Mercedes-Benz Arena | Shanghai, China | Tip: 9 P.M. CT | TV: ESPN
Vegas: Texas -11 | KenPom: Texas, 76-67 (80%)
Although it may have seemed a bit longer than usual for Texas fans this year, the college basketball offseason is finally over. With football results inconsistent and excitement surrounding the start of the Shaka Smart era at UT, anticipation for college hoops in Austin is higher than it has been in nearly a decade.
Texas returns the bulk of its roster from the 2014-15 season, having lost only Jonathan Holmes and Myles Turner to graduation and the NBA draft, respectively. But even with so much returning talent, the arrival of a new coach and a new style of play have surrounded this year’s team with question marks.
How will a formidable Texas frontcourt fit into Smart’s famous “Havoc” system? Will the incoming freshmen finally end the offensive woes of the last few years? Just how will the Longhorns split up the minutes with such a deep bench?
While Texas fans will be able to start answering those questions in just a few hours, Washington fans have just as many — if not more — about their own team. After a disappointing 33-30 record over the last two seasons, coach Lorenzo Romar bid adieu to all but three of last year’s scholarship players in a transfer epidemic. Rather than panic and sign anyone just to fill out a roster, the Huskies instead brought in one of the nation’s best recruiting classes to restock the cupboard.
It was clearly time for a reboot in Seattle, and the roster full of fresh faces certainly provides the Huskies an opportunity to chart a new course. In Washington’s exhibition against Seattle Pacific, Romar started four freshmen, and his newcomers played 77% of the team’s minutes. Although it’s probably a safe bet that the young Huskies will employ a smaller, more athletic lineup this season, it’s still a mystery what that rotation will look like in the season opener.
Keys to the Game
1. Exploit the advantage inside – In the exhibition game, Texas was without Shaq Cleare and Connor Lammert, who are both available for the season opener. Lacking depth in the frontcourt, the Longhorns played for much of the contest with just one big. Cameron Ridley looked incredibly confident, moving quickly with the ball in the post, and he dominated the glass against a smaller Tarleton State squad.
With the Huskies expected to trot out a smaller lineup, the Longhorns again have an opportunity to control the post. The size and depth of the Texas frontcourt should give them a significant scoring and rebounding edge, regardless of whether they elect for the traditional approach of two big men, or the option of smaller, more athletic four. If the Longhorns can capitalize on that with points in the paint and strong rebounding percentages, Washington will have a tough time keeping up.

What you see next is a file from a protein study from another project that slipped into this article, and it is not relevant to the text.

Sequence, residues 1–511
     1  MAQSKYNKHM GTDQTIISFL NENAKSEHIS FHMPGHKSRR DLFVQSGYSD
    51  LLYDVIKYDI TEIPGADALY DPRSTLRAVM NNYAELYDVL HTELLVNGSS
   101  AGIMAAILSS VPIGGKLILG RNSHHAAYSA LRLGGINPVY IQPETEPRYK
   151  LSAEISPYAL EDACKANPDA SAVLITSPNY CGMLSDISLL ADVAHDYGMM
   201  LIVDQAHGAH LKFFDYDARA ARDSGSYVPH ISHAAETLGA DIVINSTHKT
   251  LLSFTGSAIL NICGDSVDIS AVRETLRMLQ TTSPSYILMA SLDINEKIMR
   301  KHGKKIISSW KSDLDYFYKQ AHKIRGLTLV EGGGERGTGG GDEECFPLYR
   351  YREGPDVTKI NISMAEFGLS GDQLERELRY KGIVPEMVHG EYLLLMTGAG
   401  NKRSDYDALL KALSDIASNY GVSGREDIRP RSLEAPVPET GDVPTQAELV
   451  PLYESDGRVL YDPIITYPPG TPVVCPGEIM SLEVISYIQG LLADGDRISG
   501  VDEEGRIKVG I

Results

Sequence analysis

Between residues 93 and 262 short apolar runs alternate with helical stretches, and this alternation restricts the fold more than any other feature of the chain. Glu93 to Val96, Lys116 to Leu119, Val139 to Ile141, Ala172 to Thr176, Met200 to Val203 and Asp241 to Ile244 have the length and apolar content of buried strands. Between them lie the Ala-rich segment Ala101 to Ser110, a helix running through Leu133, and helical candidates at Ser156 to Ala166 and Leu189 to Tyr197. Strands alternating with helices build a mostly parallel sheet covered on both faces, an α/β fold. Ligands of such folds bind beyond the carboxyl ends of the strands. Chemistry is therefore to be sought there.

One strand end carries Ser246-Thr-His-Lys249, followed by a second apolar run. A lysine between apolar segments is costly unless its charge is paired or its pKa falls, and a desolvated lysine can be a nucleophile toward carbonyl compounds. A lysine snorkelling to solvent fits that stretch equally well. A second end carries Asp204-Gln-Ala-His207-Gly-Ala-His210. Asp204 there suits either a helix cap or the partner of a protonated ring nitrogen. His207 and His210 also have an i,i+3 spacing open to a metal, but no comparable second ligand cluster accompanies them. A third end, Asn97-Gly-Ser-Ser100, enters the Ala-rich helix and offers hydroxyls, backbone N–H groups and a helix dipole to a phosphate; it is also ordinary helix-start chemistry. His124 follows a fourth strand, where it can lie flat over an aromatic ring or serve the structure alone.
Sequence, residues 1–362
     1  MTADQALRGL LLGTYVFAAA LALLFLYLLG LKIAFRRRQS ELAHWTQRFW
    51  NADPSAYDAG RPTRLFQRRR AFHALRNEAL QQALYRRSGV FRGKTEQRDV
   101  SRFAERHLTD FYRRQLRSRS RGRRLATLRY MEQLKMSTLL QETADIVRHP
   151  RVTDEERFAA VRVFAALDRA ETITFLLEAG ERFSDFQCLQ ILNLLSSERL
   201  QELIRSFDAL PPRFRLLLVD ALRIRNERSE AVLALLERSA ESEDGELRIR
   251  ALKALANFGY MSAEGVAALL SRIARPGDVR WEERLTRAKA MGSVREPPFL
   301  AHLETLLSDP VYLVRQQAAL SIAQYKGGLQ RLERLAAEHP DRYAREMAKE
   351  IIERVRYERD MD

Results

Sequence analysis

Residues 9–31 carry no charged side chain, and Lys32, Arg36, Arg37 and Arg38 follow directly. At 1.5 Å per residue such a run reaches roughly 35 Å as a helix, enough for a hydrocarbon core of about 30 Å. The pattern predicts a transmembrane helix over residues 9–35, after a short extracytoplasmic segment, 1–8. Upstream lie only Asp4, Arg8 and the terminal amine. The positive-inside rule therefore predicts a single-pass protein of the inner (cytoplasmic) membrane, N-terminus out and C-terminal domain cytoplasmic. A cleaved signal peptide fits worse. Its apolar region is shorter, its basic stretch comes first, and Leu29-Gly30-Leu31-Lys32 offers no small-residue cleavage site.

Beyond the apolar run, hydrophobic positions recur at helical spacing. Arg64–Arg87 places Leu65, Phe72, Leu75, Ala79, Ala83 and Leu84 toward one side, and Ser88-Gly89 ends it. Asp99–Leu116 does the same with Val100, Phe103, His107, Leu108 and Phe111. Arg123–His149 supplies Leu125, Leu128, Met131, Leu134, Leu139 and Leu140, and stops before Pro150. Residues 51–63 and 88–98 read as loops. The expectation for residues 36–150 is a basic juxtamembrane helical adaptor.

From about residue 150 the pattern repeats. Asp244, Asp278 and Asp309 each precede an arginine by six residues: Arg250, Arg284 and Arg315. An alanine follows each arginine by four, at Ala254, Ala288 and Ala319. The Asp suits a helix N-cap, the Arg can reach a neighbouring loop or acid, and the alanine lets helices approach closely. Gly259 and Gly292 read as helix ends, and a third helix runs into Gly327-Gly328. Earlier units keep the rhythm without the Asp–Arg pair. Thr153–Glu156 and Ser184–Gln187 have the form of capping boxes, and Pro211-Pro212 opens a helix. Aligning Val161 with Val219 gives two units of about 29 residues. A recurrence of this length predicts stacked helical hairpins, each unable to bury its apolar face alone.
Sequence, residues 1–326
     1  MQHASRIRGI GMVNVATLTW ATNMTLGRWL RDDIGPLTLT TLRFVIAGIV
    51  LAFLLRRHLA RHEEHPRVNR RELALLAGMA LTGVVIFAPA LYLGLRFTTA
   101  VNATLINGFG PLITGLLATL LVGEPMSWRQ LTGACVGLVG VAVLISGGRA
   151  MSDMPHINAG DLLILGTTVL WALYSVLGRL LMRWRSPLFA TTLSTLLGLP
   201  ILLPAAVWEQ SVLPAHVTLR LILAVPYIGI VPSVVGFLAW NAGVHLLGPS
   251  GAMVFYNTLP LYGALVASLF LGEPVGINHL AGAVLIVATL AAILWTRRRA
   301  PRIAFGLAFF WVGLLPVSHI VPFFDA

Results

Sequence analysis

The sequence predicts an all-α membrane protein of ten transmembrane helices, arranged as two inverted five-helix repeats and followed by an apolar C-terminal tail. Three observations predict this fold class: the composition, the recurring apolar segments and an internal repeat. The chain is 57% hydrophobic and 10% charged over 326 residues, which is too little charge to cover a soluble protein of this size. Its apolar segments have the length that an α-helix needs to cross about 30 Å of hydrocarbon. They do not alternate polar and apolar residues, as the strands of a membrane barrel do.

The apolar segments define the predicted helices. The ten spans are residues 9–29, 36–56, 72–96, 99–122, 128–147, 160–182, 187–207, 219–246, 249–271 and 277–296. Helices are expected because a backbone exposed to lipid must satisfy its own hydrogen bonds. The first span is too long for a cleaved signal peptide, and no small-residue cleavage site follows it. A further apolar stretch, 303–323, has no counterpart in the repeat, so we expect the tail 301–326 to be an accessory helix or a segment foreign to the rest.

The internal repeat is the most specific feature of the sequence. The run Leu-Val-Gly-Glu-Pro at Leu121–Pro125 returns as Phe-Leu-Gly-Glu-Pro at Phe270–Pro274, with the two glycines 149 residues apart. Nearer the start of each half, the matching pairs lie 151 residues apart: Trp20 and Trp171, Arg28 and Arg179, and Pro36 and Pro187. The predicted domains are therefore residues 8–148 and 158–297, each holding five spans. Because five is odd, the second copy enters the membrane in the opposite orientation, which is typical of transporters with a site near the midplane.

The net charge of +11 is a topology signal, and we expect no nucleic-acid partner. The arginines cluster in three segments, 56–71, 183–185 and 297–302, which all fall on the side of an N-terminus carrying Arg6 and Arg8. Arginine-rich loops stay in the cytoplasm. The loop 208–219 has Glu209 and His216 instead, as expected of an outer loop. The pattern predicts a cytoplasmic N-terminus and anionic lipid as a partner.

2. Keep the starting backcourt on the floor – The Longhorns will be the much more experienced team on Saturday morning in Shanghai, with junior Isaiah Taylor and senior Demarcus Holland leading the way in the backcourt. Although newcomer Kerwin Roach is more than capable of handling the basketball in the absence of the two upperclassmen, their leadership will be important in a game environment that is going to be completely abnormal. Taylor picked up some frustrating fouls in the exhibition game by trying to be aggressive in the wrong spots, so today he must avoid putting himself on the bench with needless fouls.
3. Grab control early – The game starts at 11 A.M. on Saturday here in Shanghai, a tip time that is notoriously bad for college kids. It can be hard for players to get fired up for a morning game, and playing in front of an unaffiliated crowd that may be sparse will make that even tougher. The fans that do show up will likely root for baskets more than teams, so if Texas can avoid the morning slump and put some immediate points on the board, they may be able to create their own energy in a very unconventional setting.